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Math Help - Double Integration with polar co-ordinates

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    Double Integration with polar co-ordinates

    Let D be the disk of radius 6 centered at the origin. Find the
    double integral of the function f (x, y) = e^(x^2 +y^2) over D

    When I do this i get a function that says e^r^2, and then I'm uncertain as to how to integrate this, I don't think I'm using polar co-ordinates correctly. Any suggestions/ideas?
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    MHF Contributor Calculus26's Avatar
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    recall dA = rdrdtheta

    so you have re^r^2) which can be integrated with a simple substituion
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    what's the substitution? sorry my integration is a bit rusty...
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    MHF Contributor Calculus26's Avatar
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    you can let u = e^(r^2) or simply u = r^2
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    Ted
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    Quote Originally Posted by llamagoogle View Post
    Let D be the disk of radius 6 centered at the origin. Find the
    double integral of the function f (x, y) = e^(x^2 +y^2) over D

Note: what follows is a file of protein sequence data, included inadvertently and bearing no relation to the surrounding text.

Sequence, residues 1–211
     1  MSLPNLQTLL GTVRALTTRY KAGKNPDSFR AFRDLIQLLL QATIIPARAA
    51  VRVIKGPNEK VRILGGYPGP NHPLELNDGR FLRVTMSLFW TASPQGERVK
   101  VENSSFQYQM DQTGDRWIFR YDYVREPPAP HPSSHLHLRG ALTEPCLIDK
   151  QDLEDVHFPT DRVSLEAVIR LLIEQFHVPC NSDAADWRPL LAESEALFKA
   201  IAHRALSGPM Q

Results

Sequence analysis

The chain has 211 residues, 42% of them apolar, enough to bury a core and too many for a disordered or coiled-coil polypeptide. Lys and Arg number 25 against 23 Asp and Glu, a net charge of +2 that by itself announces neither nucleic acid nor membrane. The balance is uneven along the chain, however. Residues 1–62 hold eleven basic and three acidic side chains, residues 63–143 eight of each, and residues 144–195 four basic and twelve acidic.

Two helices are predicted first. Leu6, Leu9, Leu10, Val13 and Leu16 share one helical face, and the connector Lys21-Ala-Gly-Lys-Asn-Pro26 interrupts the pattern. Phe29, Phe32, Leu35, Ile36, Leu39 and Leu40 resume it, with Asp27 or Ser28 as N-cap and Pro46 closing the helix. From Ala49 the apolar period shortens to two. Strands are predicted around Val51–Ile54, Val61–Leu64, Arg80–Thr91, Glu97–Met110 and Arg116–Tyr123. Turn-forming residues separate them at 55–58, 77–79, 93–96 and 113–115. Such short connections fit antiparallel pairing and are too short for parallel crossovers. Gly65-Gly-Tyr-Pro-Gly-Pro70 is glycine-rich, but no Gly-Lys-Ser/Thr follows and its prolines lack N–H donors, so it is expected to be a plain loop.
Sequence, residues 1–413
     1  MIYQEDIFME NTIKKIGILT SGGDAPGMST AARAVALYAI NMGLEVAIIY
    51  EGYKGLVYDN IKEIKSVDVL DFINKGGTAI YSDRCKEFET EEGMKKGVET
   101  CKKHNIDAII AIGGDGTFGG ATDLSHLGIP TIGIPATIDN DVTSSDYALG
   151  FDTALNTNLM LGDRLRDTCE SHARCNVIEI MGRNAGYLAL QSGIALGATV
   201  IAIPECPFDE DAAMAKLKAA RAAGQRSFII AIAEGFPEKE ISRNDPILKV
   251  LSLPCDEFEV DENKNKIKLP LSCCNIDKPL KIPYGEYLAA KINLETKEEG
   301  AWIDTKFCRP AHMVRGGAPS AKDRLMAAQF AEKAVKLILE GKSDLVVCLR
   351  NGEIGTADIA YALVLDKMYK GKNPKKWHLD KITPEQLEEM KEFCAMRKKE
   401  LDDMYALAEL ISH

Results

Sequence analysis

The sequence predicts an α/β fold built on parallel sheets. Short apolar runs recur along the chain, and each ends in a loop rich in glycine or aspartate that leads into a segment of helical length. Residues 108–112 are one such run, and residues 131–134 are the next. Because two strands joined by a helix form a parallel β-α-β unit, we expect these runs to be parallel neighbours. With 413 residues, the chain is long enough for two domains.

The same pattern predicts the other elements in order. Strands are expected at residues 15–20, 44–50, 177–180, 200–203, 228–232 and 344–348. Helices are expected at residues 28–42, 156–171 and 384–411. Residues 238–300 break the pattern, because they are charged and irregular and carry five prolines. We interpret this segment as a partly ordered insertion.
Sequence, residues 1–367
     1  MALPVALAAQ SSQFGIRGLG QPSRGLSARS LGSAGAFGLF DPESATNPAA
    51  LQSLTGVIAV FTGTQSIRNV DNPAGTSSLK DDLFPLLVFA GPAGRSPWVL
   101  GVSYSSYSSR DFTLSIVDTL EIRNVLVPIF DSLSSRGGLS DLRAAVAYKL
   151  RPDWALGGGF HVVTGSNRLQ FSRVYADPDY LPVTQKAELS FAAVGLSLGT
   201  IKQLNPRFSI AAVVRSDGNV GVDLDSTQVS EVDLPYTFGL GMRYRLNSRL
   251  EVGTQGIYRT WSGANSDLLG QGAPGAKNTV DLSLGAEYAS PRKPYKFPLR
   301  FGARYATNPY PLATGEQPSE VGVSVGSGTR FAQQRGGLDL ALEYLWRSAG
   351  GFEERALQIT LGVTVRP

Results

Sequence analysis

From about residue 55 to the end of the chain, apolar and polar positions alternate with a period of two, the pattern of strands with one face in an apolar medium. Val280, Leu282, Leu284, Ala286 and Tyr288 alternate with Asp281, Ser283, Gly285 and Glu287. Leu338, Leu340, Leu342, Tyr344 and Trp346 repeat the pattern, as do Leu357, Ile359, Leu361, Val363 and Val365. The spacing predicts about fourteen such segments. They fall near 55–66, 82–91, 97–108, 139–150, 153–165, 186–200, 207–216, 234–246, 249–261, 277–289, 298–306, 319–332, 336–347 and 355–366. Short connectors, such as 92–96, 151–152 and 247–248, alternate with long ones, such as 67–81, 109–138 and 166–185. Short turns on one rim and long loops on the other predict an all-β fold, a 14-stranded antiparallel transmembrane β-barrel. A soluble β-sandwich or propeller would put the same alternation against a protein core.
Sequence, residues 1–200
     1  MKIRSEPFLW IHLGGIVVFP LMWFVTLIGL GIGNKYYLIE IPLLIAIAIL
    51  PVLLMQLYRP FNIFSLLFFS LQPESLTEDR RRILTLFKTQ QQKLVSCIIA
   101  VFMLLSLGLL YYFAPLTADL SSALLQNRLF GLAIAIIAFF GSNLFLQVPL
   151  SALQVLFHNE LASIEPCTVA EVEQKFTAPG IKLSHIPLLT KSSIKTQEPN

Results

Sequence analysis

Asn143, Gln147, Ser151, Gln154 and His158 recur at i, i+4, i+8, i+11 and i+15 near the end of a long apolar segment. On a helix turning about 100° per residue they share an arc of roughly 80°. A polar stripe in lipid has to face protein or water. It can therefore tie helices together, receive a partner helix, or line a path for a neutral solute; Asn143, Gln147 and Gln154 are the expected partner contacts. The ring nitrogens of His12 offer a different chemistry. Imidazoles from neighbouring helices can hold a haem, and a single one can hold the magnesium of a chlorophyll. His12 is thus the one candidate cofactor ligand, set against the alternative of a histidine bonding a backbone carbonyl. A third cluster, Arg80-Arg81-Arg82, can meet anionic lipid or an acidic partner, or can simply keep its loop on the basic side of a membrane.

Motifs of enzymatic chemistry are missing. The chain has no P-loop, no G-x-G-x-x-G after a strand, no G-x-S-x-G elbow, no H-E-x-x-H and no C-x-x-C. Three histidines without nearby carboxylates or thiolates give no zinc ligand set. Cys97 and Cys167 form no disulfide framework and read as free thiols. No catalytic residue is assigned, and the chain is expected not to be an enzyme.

When I do this i get a function that says e^r^2, and then I'm uncertain as to how to integrate this, I don't think I'm using polar co-ordinates correctly. Any suggestions/ideas?
    Calculus26 told you dA=rdrd\theta, probably you forgot the additional r.
    Converting to polar:
    \int_0^{2\pi} \int_0^6 e^{r^2} r dr d\theta.
    Use the substitution u=r^2 to solve the inner integral.
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    Quote Originally Posted by Ted View Post
    Calculus26 told you dA=rdrd\theta, probably you forgot the additional r.
    Converting to polar:
    \int_0^{2\pi} \int_0^6 e^{r^2} r dr d\theta.
    Use the substitution u=r^2 to solve the inner integral.
    Thanks for your reply, I think I was quite unclear in my question though, my problem lay with integrating a function that was e^u,(integrating the substitution), and when I tried to carry out the second integral, it did not have any variables with theta hence, I was unsure how to proceed...
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  7. #7
    o_O
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    Recall that: \int a dx = ax + C

    i.e. after doing the inner integral, treat the result as a constant in terms of \theta.
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  8. #8
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    Quote Originally Posted by o_O View Post
    Recall that: \int a dx = ax + C

    i.e. after doing the inner integral, treat the result as a constant in terms of \theta.
    oh yes sorry, seems like a dumb question now, thanks!
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